DUDLEY Council’s auditor is considering forcing the authority to discuss even deeper cuts to stave off catastrophic financial failure.

The authority is already planning to slash spending to cover a £12m deficit in the 2024/25 budget but that may not be enough according to Grant Thornton, who reported on the council’s finances in November.

Despite proposed savings of £7.7m in the coming financial year, the council may have to make more cuts to avoid declaring a Section 114 order and becoming, in effect, bankrupt.

Andrew Smith, from Grant Thornton, told a meeting of the council cabinet on January 11: “We are concerned the risk of 114 is very high and are recommending to find an extra £2.5m after looking at the budget.”

The council’s budget is due to be finalised in early March and Mr Smith added he is considering issuing a statutory recommendation under an act of parliament.

The recommendation would force the council to discuss in public within a month how it would find the extra savings.

Cabinet member for finance, Cllr Steve Clark, told the meeting the authority is at risk of having to declare itself bankrupt within the next 12 months but he remained confident they would be able to set a legal budget in March as planned.

He went on to blame the government for cutting the amount of money It pays in a grant to the council.

Cllr Clarke said: “We have a history of low tax and low reserves, as costs rise our funds will run out. The government expects us to use up reserves we do not have.

“We have increased reserves over the last four years up to £26m, had we not done that we would be in a worse position and the council would have already gone bankrupt.”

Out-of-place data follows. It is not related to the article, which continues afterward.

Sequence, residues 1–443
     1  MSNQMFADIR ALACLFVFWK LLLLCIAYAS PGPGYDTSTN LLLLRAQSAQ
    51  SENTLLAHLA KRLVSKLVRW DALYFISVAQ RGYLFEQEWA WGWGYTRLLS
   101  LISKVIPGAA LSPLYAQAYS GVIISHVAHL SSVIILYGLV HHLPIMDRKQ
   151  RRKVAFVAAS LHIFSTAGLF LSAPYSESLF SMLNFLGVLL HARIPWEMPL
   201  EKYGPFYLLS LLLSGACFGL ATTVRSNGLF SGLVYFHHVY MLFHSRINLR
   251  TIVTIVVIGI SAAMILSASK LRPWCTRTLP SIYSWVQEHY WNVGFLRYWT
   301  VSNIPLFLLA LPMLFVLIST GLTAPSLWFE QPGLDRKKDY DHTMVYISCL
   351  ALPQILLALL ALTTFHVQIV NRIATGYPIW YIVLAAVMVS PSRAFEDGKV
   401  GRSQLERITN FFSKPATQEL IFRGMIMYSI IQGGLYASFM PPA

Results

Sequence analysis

The Conservative finance chief came under fire from his Labour opposite number who accused the administration of incompetence.

Cllr Shaukat Ali said: “Over the years budgets have been set but not delivered, we raised concerns last year about finances and the direction they were heading but we were not listened to.”

Cllr Ali went on to say senior council officers were deserting a sinking ship.

Council leader Patrick Harley said: “We have been working behind the scenes but these things take time.

“There are steps in place to avoid a 114 but it is not a quick fix. I have full confidence in our officer team from the deputy chief executive down.”

The authority’s chief executive, Kevin O’Keefe, who did not attend the full council meeting or the meeting of the audit committee in December, is currently on sick leave.

In an unusual move councillors went against the advice of finance officers and voted to override spending controls and press ahead with building a new school.

The new facility would replace Pens Meadow special school in Brierley Hill where facilities were described by cabinet member for education, Cllr Ruth Buttery, as ‘appalling’.

Cllr Harley told the meeting supporting a child with special educational needs costs between £60-90,000 per year and building the school now would bring long-term financial benefits.

Cllr Harley said: “I believe we should continue, it is the right thing to do. The financial benefits have not been taken into account with a brand new school that will be over-subscribed.”